On the coldest day in fifty years, students, teachers and parents braved the cold in honour of the students who won academic awards for their efforts in Semester 1. For the first time, we needed to split the ceremony into Senior School (10-12) and Middle School (7-9) so that we could invite parents to the ceremonies and still fit into Yallunga. We were very honoured to have our special guests attending: The Honourable Mr David Coleman MP, Mrs Elizabeth O’Carrigan (Regional Director), Miss Robyn Glover (Regional Consultant), and Mrs Kelly Efremidis and Mrs Sonia Bennett (representatives of the Parents and Friends Association).

My address to both assemblies was in relation to students being mindful of their mindsets- what their brain is telling them to do- and what they can do to combat negative or unproductive thoughts.

Those students sitting there feeling a little flat and disappointed that their efforts have gone unrecognised were reminded that they should be focusing on the fact that while you’re not there YET, you will get there with a stronger, more focused effort.

There were girls who won awards on Friday who have not been in the top 20 of students when ranked in national testing like NAPLAN. Far from it. They are students who have worked out how to make their study WORK EFFECTIVELY FOR THEM.  These are students who do have positive mind speak; they turn negatives into a positive; critical feedback into better results. They have a GROWTH MINDSET. They know that they have to enhance their natural talents with hard work just like athletes, tennis players etc.

We know that at Bethany our focus is our vision for learning: Together we grow.  We know that to realise our purpose and potential we need to be learners that are. SELF DIRECTED, ENGAGED, CRITICAL THINKERS, CREATIVE THINKERS and that we do that best as COLLABORATIVE LEARNERS

Like the Bethany tree in our school logo and in our Vision for Learning graphic, we are all learners on a journey. We grow each day. We experience seasons like a tree does but instead of spring and autumn, we have good and bad patches in our learning journey.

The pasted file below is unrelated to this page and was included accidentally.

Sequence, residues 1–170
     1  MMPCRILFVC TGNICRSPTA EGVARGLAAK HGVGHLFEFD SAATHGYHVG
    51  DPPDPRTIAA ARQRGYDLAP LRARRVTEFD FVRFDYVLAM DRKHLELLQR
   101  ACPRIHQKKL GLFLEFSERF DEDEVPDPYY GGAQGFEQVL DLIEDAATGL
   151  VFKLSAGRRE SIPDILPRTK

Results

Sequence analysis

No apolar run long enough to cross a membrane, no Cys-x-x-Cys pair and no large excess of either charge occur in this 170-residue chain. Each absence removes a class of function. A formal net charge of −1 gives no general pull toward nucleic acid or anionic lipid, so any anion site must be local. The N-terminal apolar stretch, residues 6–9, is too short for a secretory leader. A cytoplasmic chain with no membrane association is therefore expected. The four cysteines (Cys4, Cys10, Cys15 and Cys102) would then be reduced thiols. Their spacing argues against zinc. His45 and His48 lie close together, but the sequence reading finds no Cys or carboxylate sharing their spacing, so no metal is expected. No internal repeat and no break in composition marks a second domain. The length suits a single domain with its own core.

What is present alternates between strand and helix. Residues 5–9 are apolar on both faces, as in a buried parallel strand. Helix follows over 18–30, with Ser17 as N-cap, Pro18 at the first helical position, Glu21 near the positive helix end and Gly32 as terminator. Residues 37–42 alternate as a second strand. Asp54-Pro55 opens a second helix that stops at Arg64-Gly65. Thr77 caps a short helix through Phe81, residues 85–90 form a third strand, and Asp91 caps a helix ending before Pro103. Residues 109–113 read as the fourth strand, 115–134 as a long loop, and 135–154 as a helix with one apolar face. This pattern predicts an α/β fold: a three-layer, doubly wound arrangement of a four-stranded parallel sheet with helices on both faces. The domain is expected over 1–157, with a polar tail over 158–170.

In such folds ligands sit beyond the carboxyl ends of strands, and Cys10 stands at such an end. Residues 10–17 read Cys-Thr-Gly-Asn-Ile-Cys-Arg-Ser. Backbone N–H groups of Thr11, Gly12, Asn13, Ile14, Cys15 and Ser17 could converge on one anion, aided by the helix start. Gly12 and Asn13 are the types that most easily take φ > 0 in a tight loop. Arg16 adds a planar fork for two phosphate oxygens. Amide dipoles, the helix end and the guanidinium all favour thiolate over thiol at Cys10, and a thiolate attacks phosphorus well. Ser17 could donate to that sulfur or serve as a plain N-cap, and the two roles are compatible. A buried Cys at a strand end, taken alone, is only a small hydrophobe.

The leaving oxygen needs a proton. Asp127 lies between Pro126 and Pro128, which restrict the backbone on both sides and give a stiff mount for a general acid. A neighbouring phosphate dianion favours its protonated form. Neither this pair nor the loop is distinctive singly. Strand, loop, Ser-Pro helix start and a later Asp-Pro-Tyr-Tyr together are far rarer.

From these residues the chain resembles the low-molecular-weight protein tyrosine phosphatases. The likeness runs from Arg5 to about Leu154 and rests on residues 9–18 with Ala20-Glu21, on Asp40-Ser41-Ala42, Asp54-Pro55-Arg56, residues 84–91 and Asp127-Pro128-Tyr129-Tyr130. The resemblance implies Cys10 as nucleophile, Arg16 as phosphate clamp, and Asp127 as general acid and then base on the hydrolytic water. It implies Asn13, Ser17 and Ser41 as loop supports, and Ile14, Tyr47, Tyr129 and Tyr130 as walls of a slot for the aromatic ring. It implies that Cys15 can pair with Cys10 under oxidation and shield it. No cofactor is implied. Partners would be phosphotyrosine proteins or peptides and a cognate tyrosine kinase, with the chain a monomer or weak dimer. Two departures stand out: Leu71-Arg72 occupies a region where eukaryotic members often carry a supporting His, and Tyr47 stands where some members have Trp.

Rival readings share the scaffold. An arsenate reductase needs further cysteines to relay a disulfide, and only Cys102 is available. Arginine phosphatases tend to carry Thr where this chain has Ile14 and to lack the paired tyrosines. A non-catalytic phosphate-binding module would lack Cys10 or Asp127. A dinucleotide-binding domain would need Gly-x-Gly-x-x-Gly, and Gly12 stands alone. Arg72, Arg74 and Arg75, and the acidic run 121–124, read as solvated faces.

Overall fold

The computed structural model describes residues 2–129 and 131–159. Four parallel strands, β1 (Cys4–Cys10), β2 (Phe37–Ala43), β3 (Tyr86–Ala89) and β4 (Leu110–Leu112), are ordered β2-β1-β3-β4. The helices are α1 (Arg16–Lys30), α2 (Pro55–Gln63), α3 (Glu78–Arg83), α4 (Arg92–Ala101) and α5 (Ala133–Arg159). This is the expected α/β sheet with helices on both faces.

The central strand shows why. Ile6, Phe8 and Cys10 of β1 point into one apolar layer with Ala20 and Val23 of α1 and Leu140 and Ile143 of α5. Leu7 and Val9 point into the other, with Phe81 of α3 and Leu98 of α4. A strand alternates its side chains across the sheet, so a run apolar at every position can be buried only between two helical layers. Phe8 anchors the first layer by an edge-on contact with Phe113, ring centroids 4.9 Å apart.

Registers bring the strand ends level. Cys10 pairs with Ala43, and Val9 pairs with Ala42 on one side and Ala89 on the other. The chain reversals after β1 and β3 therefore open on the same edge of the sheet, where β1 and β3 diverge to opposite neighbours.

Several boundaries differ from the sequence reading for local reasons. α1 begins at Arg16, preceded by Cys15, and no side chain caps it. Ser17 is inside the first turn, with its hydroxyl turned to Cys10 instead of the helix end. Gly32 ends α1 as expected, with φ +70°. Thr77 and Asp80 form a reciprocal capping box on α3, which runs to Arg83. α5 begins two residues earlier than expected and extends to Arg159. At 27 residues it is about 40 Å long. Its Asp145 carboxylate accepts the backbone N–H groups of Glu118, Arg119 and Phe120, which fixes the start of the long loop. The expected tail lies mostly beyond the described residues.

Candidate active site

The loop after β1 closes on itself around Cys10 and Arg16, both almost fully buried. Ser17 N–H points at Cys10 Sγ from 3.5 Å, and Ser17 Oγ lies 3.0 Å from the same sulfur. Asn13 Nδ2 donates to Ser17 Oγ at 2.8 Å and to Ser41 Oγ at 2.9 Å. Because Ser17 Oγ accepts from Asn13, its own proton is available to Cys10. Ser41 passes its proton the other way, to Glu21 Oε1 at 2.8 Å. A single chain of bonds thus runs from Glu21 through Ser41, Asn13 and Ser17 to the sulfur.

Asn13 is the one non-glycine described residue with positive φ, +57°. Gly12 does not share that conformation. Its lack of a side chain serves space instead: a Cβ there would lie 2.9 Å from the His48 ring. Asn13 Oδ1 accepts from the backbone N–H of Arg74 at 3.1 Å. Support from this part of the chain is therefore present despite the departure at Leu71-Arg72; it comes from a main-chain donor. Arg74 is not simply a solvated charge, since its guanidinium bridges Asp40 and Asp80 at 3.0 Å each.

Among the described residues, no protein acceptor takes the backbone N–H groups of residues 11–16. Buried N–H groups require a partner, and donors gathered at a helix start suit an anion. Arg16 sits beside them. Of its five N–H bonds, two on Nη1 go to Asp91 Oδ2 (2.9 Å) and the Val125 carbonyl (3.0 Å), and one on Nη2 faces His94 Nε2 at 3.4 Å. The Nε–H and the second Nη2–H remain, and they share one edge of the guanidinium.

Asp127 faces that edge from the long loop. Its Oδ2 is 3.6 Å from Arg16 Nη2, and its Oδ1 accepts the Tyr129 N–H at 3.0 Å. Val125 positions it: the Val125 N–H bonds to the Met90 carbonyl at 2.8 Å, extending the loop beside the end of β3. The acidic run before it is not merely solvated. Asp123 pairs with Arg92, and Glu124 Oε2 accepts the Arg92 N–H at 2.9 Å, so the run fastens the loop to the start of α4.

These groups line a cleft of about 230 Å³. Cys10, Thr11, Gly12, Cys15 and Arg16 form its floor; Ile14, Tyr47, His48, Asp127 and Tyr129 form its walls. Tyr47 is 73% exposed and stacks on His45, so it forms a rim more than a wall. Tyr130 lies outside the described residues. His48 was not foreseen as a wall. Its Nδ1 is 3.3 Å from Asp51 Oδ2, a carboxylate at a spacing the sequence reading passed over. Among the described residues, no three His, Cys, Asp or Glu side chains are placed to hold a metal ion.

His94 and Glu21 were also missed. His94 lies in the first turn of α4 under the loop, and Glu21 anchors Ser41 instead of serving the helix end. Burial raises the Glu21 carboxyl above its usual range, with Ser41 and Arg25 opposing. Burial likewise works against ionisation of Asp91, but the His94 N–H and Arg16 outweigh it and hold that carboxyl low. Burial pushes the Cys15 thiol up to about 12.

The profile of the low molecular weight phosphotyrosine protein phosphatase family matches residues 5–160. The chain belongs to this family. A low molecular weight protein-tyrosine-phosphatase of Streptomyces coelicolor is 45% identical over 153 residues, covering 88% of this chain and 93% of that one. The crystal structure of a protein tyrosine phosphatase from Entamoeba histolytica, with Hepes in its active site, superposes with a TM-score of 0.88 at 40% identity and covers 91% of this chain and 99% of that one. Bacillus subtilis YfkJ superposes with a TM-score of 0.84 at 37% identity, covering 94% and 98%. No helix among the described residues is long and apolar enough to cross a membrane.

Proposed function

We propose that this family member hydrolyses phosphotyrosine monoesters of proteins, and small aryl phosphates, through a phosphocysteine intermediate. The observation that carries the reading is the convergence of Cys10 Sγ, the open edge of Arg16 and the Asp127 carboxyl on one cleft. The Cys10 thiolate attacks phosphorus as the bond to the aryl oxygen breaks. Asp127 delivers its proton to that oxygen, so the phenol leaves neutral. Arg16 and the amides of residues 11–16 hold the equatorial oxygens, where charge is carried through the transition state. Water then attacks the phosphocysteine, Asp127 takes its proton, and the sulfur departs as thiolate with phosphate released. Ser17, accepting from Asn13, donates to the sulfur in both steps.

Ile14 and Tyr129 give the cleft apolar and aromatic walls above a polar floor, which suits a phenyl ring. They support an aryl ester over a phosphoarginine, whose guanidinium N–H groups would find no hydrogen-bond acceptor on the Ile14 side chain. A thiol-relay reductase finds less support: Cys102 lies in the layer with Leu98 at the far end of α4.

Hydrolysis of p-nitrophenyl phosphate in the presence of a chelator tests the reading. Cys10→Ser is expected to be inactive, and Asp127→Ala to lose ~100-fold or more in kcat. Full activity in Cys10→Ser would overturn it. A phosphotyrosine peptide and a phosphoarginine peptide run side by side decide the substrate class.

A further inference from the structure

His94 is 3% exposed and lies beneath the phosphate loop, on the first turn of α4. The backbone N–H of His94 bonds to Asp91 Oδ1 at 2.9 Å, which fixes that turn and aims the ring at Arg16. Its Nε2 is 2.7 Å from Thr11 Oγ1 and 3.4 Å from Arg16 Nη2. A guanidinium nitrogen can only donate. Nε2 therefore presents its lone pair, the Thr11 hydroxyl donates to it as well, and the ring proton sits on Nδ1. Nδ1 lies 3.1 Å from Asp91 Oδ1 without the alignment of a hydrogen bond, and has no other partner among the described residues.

You must adopt a mindset that each and every one of you can keep improving EVERY DAY; your talents are not fixed; you can grow your skills, abilities, and interpersonal skills.

At the end of the day, after a day at school with all your teachers, once the tutors have left and you are alone in your room, at your desk, you have to deal with your own thoughts, your own thinking. You need to train yourself to change the voices in your head to be ones that do not adopt a fixed mindset but a growth mindset. How can you do that? Four easy steps.

Step 1. Learn to hear your fixed mindset “voice.”

As you approach a challenge, that voice might say to you “Are you sure you can do it? Maybe you don’t have the talent.” “What if you fail—you’ll be a failure” “People will laugh at you for thinking you had talent.” “If you don’t try, you can protect yourself and keep your dignity.”

As you hit a setback, the voice might say, “This would have been easy if you really had talent.” “You see, I told you it was a risk. Now you’ve gone and shown the world how limited you are.” “ It’s not too late to back out, make excuses, and try to regain your dignity.”